This is a stunning, tender and moist chiffon cake. It slips out of the pan like magic. Wonderful.
2 1/2 cups sifted flour
4 tsp. baking powder
1/2 tsp. salt
1 1/2 cups sugar
1/2 cup extra-virgin olive oil
Grated zest from 3 large oranges
1 cup orange juice (from 2 to 3 oranges)
6 separated eggs, plus 2 egg yolks, at room temperature
2 tsp. vanilla extract
1/2 cup apricot preserves
2 Tbs. fresh lemon juice + 2 tbsp fresh orange juice
Preheat an oven to 325°F. Butter and flour a 12-cup Bundt pan.
Using the whisk attachment, in a bowl, beat the egg whites on medium speed until soft peaks form, about 2 minutes. Increase the speed to high and gradually add 1/2 cup of the sugar, beating until stiff and glossy peaks form, 1 to 2 minutes, scraping down the sides of the bowl once. Set aside.
Sift together the flour, baking powder, salt and 1 cup of the sugar. Set aside.
In a bowl lightly beat together the egg yolks, orange zest and vanilla. With the mixer still on low speed, gradually add the oil, beating until smooth and blended. Add the flour mixture alternatively with the orange juice and beat till blended.
Take some beaten egg whites and blend into flour mixture to lighten batter, then fold remaining whites into batter, gently and carefully, until no streaks remain. Transfer the batter to the prepared pan (it will fill it by more than three-fourths). Bake until the cake is well risen and a toothpick inserted into the center comes out clean, 55 to 60 minutes. Transfer the pan to a wire rack and let the cake cool upright in the pan for 15 minutes. Invert the pan onto the rack and lift off the pan.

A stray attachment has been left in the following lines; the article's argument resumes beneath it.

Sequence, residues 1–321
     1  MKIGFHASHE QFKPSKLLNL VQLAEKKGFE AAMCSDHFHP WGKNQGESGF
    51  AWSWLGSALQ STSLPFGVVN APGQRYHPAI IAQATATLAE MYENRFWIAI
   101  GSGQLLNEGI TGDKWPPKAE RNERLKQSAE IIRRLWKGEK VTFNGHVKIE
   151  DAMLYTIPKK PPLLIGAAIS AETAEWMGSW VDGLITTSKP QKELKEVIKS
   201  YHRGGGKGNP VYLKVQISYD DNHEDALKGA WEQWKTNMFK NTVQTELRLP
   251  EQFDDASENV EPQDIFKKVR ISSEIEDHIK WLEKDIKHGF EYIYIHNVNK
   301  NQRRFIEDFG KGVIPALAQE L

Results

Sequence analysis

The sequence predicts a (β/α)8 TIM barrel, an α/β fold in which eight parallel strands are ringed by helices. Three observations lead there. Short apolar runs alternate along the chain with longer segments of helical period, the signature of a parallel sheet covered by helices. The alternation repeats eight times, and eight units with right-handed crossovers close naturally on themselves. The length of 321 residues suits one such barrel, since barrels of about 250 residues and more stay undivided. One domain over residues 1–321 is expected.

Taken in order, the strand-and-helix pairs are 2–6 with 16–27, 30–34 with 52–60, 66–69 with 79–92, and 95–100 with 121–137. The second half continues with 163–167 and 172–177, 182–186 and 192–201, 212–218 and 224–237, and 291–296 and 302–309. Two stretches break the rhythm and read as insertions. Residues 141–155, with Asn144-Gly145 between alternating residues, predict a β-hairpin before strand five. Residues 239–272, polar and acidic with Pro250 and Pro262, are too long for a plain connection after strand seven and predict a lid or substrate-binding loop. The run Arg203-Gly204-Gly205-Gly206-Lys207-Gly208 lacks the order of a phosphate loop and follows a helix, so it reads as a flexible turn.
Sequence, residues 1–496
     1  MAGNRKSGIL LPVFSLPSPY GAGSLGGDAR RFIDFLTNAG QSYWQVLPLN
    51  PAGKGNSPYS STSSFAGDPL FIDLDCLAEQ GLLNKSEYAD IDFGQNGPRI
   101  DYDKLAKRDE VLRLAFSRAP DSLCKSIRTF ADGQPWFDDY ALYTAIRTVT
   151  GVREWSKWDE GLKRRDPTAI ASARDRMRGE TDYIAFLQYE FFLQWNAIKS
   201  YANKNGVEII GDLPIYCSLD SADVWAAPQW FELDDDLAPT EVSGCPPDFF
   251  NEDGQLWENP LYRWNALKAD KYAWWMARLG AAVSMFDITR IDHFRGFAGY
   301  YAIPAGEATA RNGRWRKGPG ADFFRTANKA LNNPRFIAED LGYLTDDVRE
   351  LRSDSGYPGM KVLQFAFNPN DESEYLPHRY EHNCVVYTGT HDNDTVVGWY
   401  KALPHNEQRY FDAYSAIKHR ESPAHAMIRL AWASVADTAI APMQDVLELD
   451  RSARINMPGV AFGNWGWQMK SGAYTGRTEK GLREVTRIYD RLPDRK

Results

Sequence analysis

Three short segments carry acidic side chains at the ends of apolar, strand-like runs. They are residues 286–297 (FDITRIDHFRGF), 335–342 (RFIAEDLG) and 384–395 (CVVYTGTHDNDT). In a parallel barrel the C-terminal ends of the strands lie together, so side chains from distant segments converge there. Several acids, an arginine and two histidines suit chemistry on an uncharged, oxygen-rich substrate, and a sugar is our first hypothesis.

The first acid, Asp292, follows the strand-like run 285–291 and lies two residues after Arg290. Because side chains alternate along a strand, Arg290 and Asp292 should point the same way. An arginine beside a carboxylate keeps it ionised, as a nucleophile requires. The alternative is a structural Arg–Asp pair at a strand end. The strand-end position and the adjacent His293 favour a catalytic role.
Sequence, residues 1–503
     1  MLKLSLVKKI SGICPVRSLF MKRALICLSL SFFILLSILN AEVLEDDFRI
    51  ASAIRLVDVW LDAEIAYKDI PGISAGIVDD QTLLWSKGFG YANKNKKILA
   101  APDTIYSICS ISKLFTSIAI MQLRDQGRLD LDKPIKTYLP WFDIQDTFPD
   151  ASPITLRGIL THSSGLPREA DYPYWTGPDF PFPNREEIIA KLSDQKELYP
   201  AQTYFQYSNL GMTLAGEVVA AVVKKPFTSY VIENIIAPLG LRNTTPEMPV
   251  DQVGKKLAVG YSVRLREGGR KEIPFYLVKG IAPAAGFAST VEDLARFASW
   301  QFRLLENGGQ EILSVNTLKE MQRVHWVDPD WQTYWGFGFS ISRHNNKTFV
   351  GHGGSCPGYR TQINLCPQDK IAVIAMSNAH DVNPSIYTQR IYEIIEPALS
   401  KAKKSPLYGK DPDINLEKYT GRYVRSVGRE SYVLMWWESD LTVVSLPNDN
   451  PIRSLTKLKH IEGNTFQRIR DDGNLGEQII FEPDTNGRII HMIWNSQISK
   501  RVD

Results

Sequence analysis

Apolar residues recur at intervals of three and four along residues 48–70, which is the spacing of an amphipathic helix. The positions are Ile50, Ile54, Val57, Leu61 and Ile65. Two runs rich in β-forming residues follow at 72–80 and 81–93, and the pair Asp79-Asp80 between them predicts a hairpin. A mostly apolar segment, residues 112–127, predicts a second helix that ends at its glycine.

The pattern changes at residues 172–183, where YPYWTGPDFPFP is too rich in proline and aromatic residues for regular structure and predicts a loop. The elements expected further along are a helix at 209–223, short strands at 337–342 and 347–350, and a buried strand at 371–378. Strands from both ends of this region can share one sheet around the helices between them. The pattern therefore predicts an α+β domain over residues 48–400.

In a small saucepan over medium heat, stir together the apricot preserves, the orange juice and the lemon juice. Boil for 1 minute, then strain the mixture through a fine-mesh sieve into a small bowl, pressing the solids through the sieve. Stir the glaze to combine and let it stand just long enough so it thickens a little more but remains pourable.
Set the cake, still on the rack, over a flat plate. Spoon the glaze over the warm cake so it coats the top and flows over the sides. You can repeat the process by re-using the gaze that dripped off the cake.
(Adapted by Mara from a recipe by Williams-Sonoma)